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Logo of nihpaAbout Author manuscriptsSubmit a manuscriptHHS Public Access; Author Manuscript; Accepted for publication in peer reviewed journal;
Mov Disord. Author manuscript; available in PMC 2013 December 1.
Published in final edited form as:
PMCID: PMC3536912

C9ORF72 Expansion is Not a Significant Cause of Sporadic Spinocerebellar Ataxia

Brent L. Fogel, M.D., Ph.D,1 Mochtar Pribadi, Ph.D,1 Sarah Pi,1 Susan L. Perlman, M.D.,1 Daniel H. Geschwind, M.D., Ph.D,1,2,3 and Giovanni Coppola, M.D.1,2

Hexanucleotide expansions within the first intron of the C9ORF72 gene are a significant cause of familial frontotemporal dementia (FTD) and amyotrophic lateral sclerosis (ALS), alone or in combination, as well as sporadic ALS worldwide.13 Several recent reports have described cases which broaden the clinical phenotype to include behavioral variant FTD with or without early psychiatric presentations and parkinsonian features,4,5 and primary progressive aphasia.6 There is also a report of a patient with a family history of ALS and cerebellar ataxia,5 an intriguing finding as neuroimaging of C9ORF72 patients shows cerebellar atrophy, which is not typically observed with other FTD-related mutations such as MAPT or GRN.7 Cerebellar neuronal cytoplasmic inclusions have also been observed in multiple studies,6,7 yet clinical cerebellar ataxia has not been detected in any large cohorts of C9ORF72 patients with FTD and/or ALS.13,7 Since a majority of adult-onset ataxia cases are of unknown etiology, these observations raise the possibility that C9ORF72 may contribute to the development of sporadic spinocerebellar ataxia.

To address this question, we examined 209 adult-onset sporadic ataxia patients for C9ORF7 hexanucleotide expansion (Table I). All patients were screened for common genetic spinocerebellar ataxias including SCA1, SCA2, SCA3, SCA6, SCA7, and/or Friedreich ataxia. Most patients (40%) had pure cerebellar ataxia but, given the known C9ORF72 phenotypes, cases associated with upper motor neuron signs, dementia, and parkinsonism were also included. Approximately one-third of these patients met possible or probable criteria for multiple system atrophy. Testing was performed as previously described3 and only one positive case was identified (1/209, 0.5%).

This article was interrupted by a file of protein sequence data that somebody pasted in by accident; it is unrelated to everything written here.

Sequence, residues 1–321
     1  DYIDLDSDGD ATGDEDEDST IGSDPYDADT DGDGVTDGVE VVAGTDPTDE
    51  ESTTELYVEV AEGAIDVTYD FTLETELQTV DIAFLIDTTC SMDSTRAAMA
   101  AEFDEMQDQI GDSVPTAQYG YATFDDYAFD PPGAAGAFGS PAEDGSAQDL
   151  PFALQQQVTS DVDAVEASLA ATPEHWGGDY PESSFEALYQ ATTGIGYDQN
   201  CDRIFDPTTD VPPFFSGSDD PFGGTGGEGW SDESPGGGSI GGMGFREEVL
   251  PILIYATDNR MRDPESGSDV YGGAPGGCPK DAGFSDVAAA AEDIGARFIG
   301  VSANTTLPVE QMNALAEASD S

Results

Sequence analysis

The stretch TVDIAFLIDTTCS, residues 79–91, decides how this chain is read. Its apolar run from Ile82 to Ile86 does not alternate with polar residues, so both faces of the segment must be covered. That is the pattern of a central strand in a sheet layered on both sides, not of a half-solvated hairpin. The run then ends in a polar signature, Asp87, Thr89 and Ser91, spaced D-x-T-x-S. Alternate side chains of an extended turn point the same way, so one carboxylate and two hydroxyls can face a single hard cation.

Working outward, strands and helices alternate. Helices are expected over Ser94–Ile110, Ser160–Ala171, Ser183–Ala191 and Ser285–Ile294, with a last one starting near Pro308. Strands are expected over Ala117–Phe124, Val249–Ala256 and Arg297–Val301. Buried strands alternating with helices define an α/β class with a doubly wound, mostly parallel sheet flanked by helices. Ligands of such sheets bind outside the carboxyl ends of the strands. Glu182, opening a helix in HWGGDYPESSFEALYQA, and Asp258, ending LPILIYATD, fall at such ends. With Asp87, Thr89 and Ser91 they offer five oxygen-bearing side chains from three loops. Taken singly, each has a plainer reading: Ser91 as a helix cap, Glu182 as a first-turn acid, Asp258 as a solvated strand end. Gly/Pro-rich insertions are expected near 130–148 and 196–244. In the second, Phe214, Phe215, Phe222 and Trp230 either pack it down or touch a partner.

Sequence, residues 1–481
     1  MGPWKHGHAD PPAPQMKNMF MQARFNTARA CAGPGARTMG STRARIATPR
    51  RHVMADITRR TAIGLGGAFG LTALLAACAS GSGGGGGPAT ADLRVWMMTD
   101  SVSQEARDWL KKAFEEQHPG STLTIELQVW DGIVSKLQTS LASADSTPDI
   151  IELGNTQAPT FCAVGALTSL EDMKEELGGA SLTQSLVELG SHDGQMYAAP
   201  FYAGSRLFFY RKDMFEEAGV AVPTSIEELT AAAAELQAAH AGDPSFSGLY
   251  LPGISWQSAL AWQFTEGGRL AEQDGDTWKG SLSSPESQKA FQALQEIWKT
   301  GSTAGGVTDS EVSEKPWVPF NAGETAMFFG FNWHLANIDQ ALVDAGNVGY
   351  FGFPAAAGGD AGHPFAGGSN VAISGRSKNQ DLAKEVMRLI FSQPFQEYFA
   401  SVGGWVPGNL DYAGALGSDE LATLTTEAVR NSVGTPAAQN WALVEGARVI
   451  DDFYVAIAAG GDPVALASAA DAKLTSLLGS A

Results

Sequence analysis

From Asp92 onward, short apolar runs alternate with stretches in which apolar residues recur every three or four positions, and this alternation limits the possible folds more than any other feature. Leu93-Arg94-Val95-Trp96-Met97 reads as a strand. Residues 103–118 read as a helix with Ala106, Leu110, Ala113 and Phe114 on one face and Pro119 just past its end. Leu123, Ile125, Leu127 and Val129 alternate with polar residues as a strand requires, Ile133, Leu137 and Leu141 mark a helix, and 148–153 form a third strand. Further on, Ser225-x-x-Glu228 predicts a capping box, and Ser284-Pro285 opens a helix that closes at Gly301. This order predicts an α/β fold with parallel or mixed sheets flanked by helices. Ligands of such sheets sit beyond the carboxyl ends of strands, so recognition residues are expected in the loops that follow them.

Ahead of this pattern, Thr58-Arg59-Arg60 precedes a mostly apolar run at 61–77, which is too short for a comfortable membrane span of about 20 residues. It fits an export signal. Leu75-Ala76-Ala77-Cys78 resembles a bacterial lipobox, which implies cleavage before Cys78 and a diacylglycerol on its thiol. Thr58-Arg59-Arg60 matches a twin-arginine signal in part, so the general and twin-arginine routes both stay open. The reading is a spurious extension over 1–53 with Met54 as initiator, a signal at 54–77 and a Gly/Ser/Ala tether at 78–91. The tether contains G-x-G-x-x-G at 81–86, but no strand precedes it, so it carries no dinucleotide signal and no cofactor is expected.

Patient Demographics (N=209).

This patient, currently age 53, developed slowly progressive cerebellar dysfunction in her early 20’s with falls by age 25. Upper motor neuron features of increased lower extremity tone and hyper-reflexia were present but annual assessments have shown no lower motor neuron involvement or cognitive decline. MRI has shown cerebellar atrophy with no frontal or temporal involvement. Evaluation for other genetic causes involving the APTX, ATN1, ATXN1, ATXN2, ATXN3, ATXN7, ATXN8, ATXN10, CACNA1A, FMR1, FXN, KCNC3, PRKCG, PP2R2B, SACS, SETX, SPTBN2, and TBP genes was unremarkable. She is Caucasian with French-Canadian ancestry. As with the prior reported C9ORF72 ataxia case,5 family history was notable for her father and paternal uncle being diagnosed with ALS and dying within 2 years of symptom onset. There were no other affected family members.

We speculate that the clinical findings seen in our patient represent a rare (<1%) C9ORF72 phenotype,5 however, given the lack of other affected family members or unrelated cases, we cannot confirm this. C9ORF72 penetrance varies by age, with full penetrance occurring by the 9th decade,1 and it is possible that our patient will still develop a more classic phenotype. Regardless, this study does not support genetic testing for C9ORF72 expansion in sporadic spinocerebellar ataxia, although, as our study only examined sporadic-onset cases, it remains possible that C9ORF72 may contribute more significantly to dominant familial forms. For now, C9ORF72 testing would only be indicated for ataxia patients with a family history of ALS and/or FTD.


The authors wish to thank all the patients and their families who contributed to this project. Study support provided by NIMH K08MH86297 (BLF), the UCLA Program in Neurogenetics (BLF), and NINDS 5T32NS048004-07 (MP).

BLF has received funding from the National Institutes of Health (NIH) and the National Ataxia Foundation. SLP has received support from Santhera Pharmaceuticals to conduct a phase 3 idebenone study. DHG has received royalty payments from Yale University and Chemicon for antibody sales and funding from the NIH and private foundations. GC has received funding from the NIH, the Muscular Dystrophy Association, and private foundations.


Conflict of Interest statement. None relevant to this work declared.

Author Contributions:

BLF and GC were responsible for the conception and design of the research project. MP and SP were responsible for project execution. SLP and DHG supervised the clinical phenotyping and the molecular aspects of the project, respectively. BLF wrote the manuscript and BLF, GC, SLP, and DHG were responsible for its review and critique.

Full Financial Disclosures of All Authors for the Past Year:

MP and SP have nothing to disclose.


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